Technical Paper

Fuel Film Temperature and Thickness Measurements on the Piston Crown of a Direct-Injection Spark-Ignition Engine

Fuel film temperature and thickness were measured on the piston crown of a DISI engine under both motored and fired conditions using the fiber-based laser-induced fluorescence method wherein a single fiber delivers the excitation light and collects the fluorescence. The fibers were installed in the piston crown of a Bowditch-type optical engine and exited via the mirror passage. The fuel used for the fuel film temperature measurement was a 2×10-6 M solution of BTBP in isooctane. The ratio of the fluorescence intensity at 515 to that at 532 nm was found to be directly, but not linearly, related to temperature when excited at 488 nm. Effects related to the solvent, solution aging and bleaching were investigated. The measured fuel film temperature was found to closely follow the piston crown metal temperature, which was measured with a thermocouple.
Technical Paper

PIV Measurements of In-Cylinder Flow in a Four-Stroke Utility Engine and Correlation with Steady Flow Results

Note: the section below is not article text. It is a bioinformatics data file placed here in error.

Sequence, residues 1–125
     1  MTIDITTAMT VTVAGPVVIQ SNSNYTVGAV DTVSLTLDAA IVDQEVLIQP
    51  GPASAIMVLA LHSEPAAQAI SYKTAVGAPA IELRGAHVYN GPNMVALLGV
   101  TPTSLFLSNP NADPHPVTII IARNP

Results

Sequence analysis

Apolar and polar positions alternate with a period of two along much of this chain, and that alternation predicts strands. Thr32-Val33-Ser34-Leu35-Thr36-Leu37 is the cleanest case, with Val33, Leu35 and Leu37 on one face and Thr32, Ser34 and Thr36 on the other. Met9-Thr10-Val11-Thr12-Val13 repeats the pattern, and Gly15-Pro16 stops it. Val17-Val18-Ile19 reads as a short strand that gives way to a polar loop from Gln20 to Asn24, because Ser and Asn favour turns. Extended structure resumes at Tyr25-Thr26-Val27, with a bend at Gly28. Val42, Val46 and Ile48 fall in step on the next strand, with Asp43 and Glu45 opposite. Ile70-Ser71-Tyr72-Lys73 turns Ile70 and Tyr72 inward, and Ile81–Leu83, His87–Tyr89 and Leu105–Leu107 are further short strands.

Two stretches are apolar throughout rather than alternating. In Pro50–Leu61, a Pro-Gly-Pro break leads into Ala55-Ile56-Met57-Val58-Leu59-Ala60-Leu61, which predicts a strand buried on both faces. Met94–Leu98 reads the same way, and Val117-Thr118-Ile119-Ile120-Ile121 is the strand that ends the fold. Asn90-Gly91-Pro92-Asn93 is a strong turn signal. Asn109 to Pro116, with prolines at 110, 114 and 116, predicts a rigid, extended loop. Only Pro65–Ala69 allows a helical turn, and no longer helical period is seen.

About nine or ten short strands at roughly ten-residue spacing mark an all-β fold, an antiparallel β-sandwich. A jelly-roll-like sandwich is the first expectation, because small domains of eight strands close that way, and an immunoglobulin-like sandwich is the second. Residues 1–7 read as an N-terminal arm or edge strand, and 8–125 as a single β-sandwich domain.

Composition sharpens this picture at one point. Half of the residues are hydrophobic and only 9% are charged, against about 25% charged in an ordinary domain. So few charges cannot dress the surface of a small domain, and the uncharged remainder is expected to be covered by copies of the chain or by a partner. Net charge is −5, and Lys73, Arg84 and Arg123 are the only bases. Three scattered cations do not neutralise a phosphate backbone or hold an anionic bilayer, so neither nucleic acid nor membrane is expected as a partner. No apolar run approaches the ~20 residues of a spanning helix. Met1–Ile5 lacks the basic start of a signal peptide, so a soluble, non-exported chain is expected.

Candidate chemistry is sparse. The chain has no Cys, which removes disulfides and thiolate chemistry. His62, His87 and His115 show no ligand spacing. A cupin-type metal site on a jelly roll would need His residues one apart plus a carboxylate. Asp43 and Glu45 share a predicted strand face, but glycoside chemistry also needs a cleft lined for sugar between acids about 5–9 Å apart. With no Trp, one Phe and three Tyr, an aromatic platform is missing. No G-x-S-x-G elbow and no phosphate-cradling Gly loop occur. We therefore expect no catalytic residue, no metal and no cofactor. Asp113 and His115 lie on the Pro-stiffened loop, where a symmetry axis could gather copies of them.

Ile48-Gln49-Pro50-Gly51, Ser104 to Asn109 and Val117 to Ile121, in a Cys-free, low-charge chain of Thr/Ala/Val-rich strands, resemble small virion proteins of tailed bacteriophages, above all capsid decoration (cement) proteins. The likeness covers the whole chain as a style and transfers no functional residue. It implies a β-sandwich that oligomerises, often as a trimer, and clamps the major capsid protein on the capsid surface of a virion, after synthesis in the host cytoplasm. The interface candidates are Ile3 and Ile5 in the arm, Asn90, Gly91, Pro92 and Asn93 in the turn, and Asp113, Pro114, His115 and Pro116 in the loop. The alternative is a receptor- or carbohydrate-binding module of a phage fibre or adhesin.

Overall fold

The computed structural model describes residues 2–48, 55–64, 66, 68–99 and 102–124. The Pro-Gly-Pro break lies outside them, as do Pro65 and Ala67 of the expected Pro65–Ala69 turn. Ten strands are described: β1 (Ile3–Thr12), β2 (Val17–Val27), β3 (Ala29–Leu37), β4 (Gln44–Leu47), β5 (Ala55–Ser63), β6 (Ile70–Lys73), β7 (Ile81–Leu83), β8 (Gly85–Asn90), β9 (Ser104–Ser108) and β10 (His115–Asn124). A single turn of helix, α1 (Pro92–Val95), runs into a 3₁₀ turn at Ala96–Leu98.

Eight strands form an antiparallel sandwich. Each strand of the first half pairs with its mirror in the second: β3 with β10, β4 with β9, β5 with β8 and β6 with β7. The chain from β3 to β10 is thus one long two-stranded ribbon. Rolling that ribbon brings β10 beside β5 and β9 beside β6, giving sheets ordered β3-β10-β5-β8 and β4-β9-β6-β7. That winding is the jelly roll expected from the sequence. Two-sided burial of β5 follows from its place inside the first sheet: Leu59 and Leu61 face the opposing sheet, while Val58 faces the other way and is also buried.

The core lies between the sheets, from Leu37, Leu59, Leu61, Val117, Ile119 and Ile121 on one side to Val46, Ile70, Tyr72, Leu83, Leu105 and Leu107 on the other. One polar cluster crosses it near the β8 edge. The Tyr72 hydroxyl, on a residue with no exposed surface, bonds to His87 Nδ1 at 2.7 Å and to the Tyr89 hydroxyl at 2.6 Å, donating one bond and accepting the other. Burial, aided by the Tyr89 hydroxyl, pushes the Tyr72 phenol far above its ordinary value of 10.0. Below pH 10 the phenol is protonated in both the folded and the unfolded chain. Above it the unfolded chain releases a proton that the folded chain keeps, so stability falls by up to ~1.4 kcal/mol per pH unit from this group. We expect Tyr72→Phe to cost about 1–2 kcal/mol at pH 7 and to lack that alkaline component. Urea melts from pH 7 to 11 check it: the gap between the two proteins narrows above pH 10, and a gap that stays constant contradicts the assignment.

Large-scale flows in internal combustion engines directly affect combustion duration and emissions production. These benefits are significant given increasingly stringent emissions and fuel economy requirements. Recent efforts by engine manufacturers to improve in-cylinder flows have focused on the design of specially shaped intake ports. Utility engine manufacturers are limited to simple intake port geometries to reduce the complexity of casting and cost of manufacturing. These constraints create unique flow physics in the engine cylinder in comparison to automotive engines. An experimental study of intake-generated flows was conducted in a four-stroke spark-ignition utility engine. Steady flow and in-cylinder flow measurements were made using three simple intake port geometries at three port orientations. Steady flow measurements were performed to characterize the swirl and tumble-generating capability of the intake ports.